Acceptability measures of water, sanitation and hygiene interventions in low- and middle-income countries, a systematic review

Rose Hosking, Suji Y O'Connor, Kinley Wangdi, Johanna Kurscheid, Aparna Lal

Research output: Contribution to journalArticlepeer-review


BACKGROUND: Inadequate access to water, sanitation, and hygiene (WASH) is an environmental risk factor for poor health outcomes globally, particularly for children in low- and middle-income countries (LMIC). Despite technological advancements, many interventions aimed at improving WASH access return less than optimal results on long term impact, efficacy and sustainability. Research focus in the 'WASH sector' has recently expanded from investigating 'which interventions work' to 'how they are best implemented'. The 'acceptability' of an intervention is a key component of implementation that can influence initial uptake and sustained use. Acceptability assessments are increasingly common for health interventions in clinical settings. A broad scale assessment of how acceptability has been measured in the WASH sector, however, has not yet been conducted.

METHODS/PRINCIPAL FINDINGS: We conducted a systematic literature review of intervention studies published between 1990 and 2021 that evaluated the acceptability of WASH interventions in LMIC settings. Using an implementation science approach, focused outcomes included how acceptability was measured and defined, and the timing of acceptability assessment. We conducted quality assessment for all included studies using the Cochrane Risk of Bias tool for randomised studies, and the Newcastle-Ottawa Scale for non-randomised studies. Of the 1238 records; 36 studies were included for the analysis, 22 of which were non-randomized interventions and 16 randomized or cluster-randomized trials. We found that among the 36 studies, four explicitly defined their acceptability measure, and six used a behavioural framework to inform their acceptability study design. There were few acceptability evaluations in schools and healthcare facilities. While all studies reported measuring WASH acceptability, the measures were often not comparable or described.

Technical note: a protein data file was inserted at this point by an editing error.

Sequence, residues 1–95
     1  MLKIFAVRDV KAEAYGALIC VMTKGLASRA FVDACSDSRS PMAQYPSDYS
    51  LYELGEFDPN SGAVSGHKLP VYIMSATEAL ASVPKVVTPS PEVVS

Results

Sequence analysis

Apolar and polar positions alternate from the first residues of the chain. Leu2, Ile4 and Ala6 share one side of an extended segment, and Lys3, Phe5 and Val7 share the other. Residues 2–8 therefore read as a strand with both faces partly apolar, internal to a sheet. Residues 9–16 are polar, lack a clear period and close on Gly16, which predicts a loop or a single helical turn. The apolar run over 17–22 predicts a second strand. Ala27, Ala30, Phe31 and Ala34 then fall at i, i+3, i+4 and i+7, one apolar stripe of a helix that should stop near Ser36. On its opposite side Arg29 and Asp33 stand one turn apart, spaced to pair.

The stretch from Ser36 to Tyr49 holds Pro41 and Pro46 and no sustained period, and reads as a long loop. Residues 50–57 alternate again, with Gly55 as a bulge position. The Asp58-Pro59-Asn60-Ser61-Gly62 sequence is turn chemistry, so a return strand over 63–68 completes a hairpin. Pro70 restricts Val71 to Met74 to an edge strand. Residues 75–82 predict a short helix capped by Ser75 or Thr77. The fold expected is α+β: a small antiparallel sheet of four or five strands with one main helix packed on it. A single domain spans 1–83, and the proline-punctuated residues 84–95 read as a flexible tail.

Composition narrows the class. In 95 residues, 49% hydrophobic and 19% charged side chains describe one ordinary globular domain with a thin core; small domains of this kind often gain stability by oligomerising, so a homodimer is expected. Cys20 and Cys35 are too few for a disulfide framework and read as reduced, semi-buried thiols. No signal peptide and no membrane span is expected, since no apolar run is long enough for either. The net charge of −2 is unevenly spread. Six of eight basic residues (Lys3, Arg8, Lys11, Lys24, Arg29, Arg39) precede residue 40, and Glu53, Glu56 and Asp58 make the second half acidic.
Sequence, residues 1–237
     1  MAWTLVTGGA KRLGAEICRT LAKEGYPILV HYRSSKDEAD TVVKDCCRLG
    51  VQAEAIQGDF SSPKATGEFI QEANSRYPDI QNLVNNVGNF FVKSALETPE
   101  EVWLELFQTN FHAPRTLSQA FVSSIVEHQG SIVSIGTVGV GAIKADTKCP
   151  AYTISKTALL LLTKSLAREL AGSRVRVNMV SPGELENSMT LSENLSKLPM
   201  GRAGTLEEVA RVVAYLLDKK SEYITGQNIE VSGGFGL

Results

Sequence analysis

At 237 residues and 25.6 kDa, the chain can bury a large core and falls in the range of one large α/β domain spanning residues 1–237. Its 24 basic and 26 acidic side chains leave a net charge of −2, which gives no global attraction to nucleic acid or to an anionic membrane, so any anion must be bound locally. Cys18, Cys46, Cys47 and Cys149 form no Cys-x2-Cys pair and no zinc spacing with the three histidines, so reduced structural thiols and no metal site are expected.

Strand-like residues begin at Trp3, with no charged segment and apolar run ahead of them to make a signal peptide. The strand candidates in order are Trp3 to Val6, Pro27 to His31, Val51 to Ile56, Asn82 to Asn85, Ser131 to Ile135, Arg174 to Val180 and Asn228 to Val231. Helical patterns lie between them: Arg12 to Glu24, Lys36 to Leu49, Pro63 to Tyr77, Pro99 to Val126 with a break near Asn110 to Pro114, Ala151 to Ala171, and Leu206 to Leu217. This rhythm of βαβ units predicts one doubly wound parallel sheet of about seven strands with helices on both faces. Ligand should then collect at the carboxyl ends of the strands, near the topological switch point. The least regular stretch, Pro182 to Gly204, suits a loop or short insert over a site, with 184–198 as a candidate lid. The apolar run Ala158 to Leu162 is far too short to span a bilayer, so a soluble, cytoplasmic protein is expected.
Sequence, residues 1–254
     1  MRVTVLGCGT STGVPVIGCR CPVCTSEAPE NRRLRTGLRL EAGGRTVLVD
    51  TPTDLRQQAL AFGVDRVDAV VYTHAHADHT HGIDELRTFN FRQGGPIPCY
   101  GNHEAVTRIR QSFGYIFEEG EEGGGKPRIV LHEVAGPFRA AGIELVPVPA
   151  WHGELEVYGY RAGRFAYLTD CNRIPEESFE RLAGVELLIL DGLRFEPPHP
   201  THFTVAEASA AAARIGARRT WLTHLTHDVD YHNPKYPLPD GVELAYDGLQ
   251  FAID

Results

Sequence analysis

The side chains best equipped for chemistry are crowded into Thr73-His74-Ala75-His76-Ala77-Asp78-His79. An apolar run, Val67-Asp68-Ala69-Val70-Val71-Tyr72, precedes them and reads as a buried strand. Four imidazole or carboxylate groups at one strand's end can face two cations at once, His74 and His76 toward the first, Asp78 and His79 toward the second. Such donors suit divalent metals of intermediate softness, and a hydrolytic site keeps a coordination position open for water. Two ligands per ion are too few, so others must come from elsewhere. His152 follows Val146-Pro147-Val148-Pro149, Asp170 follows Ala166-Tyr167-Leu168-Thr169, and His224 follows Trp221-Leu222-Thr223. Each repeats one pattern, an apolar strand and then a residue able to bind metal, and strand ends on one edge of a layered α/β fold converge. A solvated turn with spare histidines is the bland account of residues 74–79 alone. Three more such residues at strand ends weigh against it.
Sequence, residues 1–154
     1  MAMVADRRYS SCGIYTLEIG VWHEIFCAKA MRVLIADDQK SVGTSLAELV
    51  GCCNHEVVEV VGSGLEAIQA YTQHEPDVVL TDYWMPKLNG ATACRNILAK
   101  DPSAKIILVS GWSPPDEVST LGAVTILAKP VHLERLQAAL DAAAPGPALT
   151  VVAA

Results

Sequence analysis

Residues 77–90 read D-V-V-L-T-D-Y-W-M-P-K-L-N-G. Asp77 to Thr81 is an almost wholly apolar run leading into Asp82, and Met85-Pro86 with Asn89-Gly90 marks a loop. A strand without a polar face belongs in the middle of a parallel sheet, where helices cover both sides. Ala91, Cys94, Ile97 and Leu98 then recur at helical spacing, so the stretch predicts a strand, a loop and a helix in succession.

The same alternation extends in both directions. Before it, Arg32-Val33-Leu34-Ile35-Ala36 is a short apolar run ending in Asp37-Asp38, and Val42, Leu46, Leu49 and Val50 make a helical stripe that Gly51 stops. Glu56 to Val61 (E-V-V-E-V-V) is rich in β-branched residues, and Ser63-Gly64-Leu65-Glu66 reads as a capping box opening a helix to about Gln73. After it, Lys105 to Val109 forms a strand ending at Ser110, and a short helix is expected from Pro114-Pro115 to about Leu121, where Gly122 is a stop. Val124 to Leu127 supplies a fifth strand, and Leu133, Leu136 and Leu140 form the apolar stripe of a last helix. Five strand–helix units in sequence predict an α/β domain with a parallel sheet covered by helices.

CONCLUSIONS: As focus in WASH research shifts towards implementation, a consistent approach to including, defining, and measuring acceptability is needed.

Original languageEnglish
Article numbere0010702
Pages (from-to)1-17
Number of pages17
JournalPLoS Neglected Tropical Diseases
Issue number9
Publication statusPublished - Sept 2022
Externally publishedYes


Dive into the research topics of 'Acceptability measures of water, sanitation and hygiene interventions in low- and middle-income countries, a systematic review'. Together they form a unique fingerprint.

Cite this